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6 Tips for Approaching “Tough” Conversations with Team Members

Unless you’re a super-human being, impervious to empathy and emotion, it is likely you do not look forward to having “tough” conversations with your team.

As a manager, it is likely that, from time to time, you’ll find yourself in a situation where you’ll need to engage in this type of conversation. Uh oh, better get prepared.

There is a common perception that conversations about performance, whether results, behaviour or attitude is the problem, are always confronting, uncomfortable and negative.

With this expectation, approaching them without structure and the right intention can leave us feeling drained, stressed and with a general sense of foreboding. But where in the rule book does it say that they need to be?

Fortunately, this can all be avoided by how you approach the conversation. When planning for and conducting your next tough conversation, the following steps are extremely effective for improving performance and strengthening relationships.

1. Leave Emotion at the Door

Unless positive, emotions have no place in any performance conversation, from any manager, at any time, under any circumstance.

If your intention when entering a conversation is to lay blame or take out frustration on someone, wait until you are less emotional. If you don’t, you’ll walk away feeling temporarily better, but you’ll damage the relationship and regret the long term consequences.

Begin with the end in mind – negative, reactive emotions are a road block to achieving positive change. If your team member is showing high emotion, chances are they are experiencing pain, fear or both. Let them talk it out without becoming defensive.

2. Identify the Issue and Pause for Discussion

Be clear on the nature of, and reasons for, your concerns. No one in yourteam is a mind reader – there’s a chance they are not aware you have been concerned about their performance.

Once you’ve identified the issue, givethe person space to discuss and respond without feeling attacked. The fact is, unless you work extremely closely with this person day to day, there could be a ton of things going on that you don’t know about.

Discussing an issue objectively does not mean you are permitting a bad attitude or poor performance, but it’s rare for both of these to change dramatically for no reason. Find the reason. The person might feel unsupported, feel like they’re in the wrong role, have an ongoing issue with a team member, or be unsure about how to proceed with a problem and act defensively rather than seeking help.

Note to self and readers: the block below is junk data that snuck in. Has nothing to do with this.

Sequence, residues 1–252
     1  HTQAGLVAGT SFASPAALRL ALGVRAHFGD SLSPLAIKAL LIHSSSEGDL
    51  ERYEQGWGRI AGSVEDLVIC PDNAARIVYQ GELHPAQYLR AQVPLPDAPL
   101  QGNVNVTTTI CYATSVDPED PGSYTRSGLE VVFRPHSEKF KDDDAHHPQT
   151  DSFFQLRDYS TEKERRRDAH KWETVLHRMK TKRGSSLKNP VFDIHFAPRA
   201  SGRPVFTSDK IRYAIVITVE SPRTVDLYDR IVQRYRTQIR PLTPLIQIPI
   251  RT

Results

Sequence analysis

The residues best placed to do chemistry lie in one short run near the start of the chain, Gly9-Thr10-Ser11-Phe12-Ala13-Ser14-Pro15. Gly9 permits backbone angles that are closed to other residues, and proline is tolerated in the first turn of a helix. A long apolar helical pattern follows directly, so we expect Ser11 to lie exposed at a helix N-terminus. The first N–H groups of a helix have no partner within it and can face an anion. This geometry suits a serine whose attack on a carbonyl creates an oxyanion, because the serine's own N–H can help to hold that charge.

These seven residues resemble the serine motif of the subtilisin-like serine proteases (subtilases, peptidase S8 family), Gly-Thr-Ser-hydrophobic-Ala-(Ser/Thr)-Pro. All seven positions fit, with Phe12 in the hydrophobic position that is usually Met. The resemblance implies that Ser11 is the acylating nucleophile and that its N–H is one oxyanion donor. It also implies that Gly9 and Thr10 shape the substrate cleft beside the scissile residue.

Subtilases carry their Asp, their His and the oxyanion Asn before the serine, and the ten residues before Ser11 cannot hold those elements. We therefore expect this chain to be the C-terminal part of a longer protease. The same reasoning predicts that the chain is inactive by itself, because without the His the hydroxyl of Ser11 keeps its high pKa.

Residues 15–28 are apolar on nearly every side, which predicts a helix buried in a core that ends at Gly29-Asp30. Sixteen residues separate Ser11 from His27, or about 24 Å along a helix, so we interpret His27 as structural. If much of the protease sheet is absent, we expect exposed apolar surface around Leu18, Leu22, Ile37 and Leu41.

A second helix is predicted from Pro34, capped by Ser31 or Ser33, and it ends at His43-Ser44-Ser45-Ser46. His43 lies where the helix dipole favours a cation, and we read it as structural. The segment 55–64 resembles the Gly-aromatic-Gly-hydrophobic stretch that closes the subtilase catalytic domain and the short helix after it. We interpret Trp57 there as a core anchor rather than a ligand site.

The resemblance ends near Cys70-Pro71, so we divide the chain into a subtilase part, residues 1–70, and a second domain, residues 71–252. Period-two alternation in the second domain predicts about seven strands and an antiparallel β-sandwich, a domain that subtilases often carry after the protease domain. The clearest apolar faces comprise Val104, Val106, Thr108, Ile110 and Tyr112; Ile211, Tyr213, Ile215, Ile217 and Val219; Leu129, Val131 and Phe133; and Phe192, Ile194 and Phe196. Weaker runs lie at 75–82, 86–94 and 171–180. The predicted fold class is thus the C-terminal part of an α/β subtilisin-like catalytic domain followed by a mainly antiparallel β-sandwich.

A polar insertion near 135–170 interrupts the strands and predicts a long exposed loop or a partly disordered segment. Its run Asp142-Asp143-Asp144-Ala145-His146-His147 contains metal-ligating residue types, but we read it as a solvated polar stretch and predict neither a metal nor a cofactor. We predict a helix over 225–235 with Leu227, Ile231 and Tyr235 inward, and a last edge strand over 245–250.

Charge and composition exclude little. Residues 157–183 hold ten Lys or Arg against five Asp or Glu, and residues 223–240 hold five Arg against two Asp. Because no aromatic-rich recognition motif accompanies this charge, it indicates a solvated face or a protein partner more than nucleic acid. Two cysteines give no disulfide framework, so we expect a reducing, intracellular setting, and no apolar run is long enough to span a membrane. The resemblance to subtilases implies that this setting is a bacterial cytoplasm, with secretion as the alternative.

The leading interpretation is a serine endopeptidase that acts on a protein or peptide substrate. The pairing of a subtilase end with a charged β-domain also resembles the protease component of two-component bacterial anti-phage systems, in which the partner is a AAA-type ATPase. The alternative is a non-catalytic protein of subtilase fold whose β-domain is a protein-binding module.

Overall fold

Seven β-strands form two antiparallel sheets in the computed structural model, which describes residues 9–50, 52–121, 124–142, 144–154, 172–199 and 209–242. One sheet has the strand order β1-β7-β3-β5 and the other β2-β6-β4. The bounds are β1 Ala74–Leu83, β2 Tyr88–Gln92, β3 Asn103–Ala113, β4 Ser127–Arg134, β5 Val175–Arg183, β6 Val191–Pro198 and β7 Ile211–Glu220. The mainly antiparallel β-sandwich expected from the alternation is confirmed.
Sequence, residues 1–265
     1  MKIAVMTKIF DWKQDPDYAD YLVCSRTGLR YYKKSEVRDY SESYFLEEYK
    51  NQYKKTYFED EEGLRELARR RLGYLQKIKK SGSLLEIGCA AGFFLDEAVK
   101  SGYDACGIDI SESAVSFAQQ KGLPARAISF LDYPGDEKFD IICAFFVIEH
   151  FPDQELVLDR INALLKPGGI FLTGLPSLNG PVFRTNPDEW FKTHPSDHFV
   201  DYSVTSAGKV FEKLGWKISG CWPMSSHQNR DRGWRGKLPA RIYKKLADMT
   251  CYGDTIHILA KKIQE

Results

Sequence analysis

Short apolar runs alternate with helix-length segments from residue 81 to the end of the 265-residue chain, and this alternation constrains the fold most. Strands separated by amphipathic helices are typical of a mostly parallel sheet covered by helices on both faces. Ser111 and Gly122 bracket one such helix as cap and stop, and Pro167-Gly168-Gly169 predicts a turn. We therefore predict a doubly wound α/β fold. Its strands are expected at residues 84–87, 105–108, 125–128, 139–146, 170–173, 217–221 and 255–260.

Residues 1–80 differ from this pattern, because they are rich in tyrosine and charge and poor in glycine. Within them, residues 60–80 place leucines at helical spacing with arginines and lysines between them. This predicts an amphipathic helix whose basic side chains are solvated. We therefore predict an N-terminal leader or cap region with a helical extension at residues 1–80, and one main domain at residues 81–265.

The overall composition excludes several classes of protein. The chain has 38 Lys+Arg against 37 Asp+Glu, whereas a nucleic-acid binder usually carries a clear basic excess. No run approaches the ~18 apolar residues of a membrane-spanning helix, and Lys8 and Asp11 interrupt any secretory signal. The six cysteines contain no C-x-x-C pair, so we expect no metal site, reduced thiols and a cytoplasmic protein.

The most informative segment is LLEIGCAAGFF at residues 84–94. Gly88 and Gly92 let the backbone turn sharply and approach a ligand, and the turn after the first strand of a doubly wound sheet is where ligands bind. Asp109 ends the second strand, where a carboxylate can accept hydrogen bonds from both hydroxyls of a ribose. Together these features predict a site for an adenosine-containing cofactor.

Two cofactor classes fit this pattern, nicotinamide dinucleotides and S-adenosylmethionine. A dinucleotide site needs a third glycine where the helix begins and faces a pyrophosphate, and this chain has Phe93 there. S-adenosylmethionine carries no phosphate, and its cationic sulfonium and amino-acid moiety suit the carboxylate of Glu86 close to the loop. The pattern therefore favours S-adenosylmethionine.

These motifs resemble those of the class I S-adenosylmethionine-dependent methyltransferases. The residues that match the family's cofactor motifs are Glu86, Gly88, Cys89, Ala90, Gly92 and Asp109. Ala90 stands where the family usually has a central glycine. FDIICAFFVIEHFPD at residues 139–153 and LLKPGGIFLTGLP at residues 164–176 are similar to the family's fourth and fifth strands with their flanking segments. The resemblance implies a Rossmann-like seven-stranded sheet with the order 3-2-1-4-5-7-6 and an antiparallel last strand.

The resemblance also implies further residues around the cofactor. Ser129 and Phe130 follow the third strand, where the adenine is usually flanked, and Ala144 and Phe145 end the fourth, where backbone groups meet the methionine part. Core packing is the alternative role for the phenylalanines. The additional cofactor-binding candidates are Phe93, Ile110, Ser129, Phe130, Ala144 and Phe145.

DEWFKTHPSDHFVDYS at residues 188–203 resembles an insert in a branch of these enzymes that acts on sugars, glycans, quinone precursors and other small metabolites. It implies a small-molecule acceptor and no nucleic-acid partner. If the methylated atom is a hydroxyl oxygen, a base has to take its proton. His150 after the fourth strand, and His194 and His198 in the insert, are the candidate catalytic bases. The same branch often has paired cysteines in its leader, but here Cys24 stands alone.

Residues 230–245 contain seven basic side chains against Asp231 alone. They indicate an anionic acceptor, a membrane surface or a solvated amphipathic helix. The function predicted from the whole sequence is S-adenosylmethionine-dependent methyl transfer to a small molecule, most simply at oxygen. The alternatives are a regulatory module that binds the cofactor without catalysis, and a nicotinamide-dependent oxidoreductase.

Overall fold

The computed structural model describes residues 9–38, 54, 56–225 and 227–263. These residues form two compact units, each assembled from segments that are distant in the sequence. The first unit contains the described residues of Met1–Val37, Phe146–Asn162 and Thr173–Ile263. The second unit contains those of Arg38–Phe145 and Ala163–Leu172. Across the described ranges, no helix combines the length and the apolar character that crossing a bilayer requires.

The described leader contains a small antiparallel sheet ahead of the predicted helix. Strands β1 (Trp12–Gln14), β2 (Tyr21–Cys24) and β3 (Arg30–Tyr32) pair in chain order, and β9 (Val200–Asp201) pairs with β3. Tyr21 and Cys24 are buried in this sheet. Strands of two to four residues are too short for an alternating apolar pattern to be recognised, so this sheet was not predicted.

As a good manager, it’s your job to understand, support and grow your team – not to wield the punishment stick when things are not going to plan.

3. Focus on Solutions

Come to the table with potential solutions to the issue, and ask your team member to write down theirs.

By doing this, you’re showing you are committed to finding answers and moving forward to create positive change, as well as including your team member in the process. No one likes to feel like they are underperforming, so if you communicate your intention to resolve an issue without threat or blame, you’re likely to receive a positive response and reciprocal buy-in.

4. Agree on an Action Plan

Work together to formulate an action plan and agree on specific dates each action needs to be completed by. Follow up on the agreed date – and not a day later. Pushing back the follow-up date will send the message your plan is no longer important.

5. Continue to Have Conversations until there is a Win:Win Outcome

In the best-case scenario, this means achieving positive, sustained change. However, like any good relationship, both parties needto have their needs met – it can’t be good for one person and not the other.

If no change is being made to improve the relationship – on either side – things will only get worse. It might be that the partnership is just not the right fit. In this case, a Win:Win outcome might be supporting the team member into a different role internally, or into a different organisation. Don’t give up too soon, but don’t flog a dead horse!

6. Schedule Weekly 1 on 1 Sessions

Use this time to check in, plan, give feedback and encourage development. Maintaining regular contact in a weekly 1 on 1 session will provide time and head space to identify and discuss issues before they become a big problem. These sessions also keep your finger on the pulse with your team and will help you anticipate voluntary turnover. Fiercely protect this time.

Tough conversations don’t have to be negative, confronting or gut-wrenching – they should be viewed in your organisation as a catalyst for positive change, improved performance and a tool to strengthen relationships.

Don’t forget that, as a manager, it’s up to you to be the change you seek in others, so always lead by example. If you engage in constructive, effective conversations, your team will usually follow suit. If there are those who don’t, it becomes easier to identify the people who may not be the right fit.

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